Empire of Tea is an extensively researched volume […] In a nutshell, this book encompasses the aromatic history of tea making its inroads into the British household.
In a nutshell, what we get here is a quick history lesson on tea and its impact on world history. […] Although the book falls in the genre of history, it hardly feels academic or slow and is a gripping read.
The authors take us on a wonderful journey to view tea’s role in empire-building by Britain and the response by the colonised. […] It is a deeply rewarding book.
The authors of this fascinating history tell the brew’s history from a gendered, botanic and poetic point of view. […] The sheer wealth of information in the book is to be savoured over a refreshing cup of tea—whether Darjeeling, oolong, or Assam, is up to the reader.
A book about an essential beverage […] Empire of Tea is a thoroughly researched volume. If that sounds stodgy, you’d be surprised at how readable it is.
This fascinating history is well researched and entertainingly written in a beautifully produced book. Just the book, in fact, to enjoy, as this reviewer did, with his afternoon tea.
Empire of Tea is not only thoroughly researched and written in a manner so that anyone will appreciate the rich story of tea behind what we take for granted, but the book’s illustrations from paintings and sketches are quite outstanding. Markman Ellis, Richard Coulton and Matthew Mauger have produced one of the most gripping historical and contemporary writings I have encountered in a long while.
For those tempted to begin the tale of British tea-drinking with the Opium Wars, or with the establishment of Indian tea plantations, this book offers a richly textured history of the “empire” that preceded, and long outgrew, those events.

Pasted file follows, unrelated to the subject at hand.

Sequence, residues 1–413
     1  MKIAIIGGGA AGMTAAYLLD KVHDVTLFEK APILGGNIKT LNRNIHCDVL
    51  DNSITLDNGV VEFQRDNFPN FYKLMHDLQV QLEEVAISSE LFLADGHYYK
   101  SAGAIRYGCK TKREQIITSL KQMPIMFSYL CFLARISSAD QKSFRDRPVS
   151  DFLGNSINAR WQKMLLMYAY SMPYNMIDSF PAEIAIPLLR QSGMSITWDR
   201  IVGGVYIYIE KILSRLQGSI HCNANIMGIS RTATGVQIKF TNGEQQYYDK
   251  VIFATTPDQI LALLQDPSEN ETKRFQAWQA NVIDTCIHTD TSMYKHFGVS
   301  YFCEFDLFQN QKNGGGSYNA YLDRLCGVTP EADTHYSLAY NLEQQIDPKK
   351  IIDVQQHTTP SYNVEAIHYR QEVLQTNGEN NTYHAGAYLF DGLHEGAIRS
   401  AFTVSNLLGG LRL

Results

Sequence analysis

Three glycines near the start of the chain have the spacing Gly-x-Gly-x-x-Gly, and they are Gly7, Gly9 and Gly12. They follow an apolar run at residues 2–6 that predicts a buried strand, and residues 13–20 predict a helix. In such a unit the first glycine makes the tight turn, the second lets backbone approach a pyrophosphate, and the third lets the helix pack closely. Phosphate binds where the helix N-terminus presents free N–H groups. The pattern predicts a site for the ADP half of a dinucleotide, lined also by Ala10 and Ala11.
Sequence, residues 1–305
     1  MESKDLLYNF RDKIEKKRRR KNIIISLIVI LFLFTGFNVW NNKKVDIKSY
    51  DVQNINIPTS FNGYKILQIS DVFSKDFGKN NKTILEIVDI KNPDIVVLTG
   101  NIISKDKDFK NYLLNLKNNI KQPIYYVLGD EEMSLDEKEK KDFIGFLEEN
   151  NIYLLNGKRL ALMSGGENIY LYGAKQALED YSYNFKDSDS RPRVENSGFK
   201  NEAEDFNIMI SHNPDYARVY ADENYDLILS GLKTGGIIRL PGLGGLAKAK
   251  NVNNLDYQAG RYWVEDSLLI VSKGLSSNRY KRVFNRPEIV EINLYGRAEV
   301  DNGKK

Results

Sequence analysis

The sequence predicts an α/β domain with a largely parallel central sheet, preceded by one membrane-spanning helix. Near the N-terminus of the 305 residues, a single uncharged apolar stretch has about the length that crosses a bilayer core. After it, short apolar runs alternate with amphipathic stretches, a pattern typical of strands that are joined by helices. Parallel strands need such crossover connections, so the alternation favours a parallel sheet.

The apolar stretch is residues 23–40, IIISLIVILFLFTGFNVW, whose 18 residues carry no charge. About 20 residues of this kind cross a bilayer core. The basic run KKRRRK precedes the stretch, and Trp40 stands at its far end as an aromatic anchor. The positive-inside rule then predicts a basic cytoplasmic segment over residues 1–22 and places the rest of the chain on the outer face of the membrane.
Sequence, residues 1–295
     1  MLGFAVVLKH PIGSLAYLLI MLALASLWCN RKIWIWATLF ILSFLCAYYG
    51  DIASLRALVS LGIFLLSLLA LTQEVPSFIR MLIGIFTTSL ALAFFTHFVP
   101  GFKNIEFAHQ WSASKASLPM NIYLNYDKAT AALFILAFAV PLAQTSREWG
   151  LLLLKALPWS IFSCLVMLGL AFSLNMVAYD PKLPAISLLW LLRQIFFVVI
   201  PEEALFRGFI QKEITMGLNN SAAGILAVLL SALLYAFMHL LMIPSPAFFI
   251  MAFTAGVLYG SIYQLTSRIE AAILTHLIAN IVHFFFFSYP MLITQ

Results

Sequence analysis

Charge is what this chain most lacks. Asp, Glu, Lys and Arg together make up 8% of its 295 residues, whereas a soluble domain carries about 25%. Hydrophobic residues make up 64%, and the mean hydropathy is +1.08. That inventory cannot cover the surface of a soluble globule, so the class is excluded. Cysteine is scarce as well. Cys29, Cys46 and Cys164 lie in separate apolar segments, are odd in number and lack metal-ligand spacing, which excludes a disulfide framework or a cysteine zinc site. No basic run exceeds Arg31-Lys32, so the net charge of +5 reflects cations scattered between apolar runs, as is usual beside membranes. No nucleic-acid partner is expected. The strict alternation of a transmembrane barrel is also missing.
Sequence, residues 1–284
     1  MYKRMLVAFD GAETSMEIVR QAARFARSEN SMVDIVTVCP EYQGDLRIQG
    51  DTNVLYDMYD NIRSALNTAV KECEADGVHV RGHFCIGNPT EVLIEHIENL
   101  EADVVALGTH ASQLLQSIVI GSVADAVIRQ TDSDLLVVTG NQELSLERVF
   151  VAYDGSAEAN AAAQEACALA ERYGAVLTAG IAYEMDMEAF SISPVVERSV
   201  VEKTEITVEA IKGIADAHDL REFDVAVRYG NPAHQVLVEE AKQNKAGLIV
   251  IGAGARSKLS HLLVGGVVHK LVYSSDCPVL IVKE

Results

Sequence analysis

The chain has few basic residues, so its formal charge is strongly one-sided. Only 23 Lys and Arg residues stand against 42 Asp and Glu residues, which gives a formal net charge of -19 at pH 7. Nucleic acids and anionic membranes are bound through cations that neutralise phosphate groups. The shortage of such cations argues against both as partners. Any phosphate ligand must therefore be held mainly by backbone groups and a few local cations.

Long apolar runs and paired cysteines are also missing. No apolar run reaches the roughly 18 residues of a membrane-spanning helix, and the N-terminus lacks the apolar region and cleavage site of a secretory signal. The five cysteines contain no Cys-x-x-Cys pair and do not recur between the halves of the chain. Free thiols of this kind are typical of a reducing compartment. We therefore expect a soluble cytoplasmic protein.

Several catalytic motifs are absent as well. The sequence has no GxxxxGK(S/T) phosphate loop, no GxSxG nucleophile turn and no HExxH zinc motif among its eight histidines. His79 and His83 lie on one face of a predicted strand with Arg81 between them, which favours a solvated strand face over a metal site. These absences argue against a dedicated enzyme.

Empire of Tea [is] a stimulating and attractively illustrated history.
It’s a story of great scope. The genre of ‘The Food/Drink/Condiment that Made the Modern World’ (salt, spices, maize, cod, oysters, refrigerated beef, the battery chicken, the Big Mac) has become a cliché, and many performances of this sort are shallow, overstated or merely cute. But in the right hands, telling the history of foodstuffs and foodways responds to current calls for histories of wider scope: histories of the longue durée; of global exchanges and contacts between cultures; and of the relations between human doings, things and the environment. Empire of Tea is an important example, sometimes brilliantly told, worth standing alongside Sidney Mintz’s classic Sweetness and Power (1985) as a history of modernity told through one of its consumable commodities.
‘Tea’ has at least five meanings: the shrub Camellia sinensis; its leaf; the dried commodity; the infusion made from it; and the occasion for consuming the infusion. As Markman Ellis, Richard Coulton and Matthew Mauger show in this stimulating volume, history is steeped in the stuff. In eighteenth-century Britain, tea smugglers murdered customs officers; across the Atlantic, excise duty provoked the Boston Tea Party. In 1920, say the authors, John Maynard Keynes “imagined tea at the centre of the modern mercantile world”. With 290 billion litres of tea imbibed in 2013, the taste for it seems set to grow.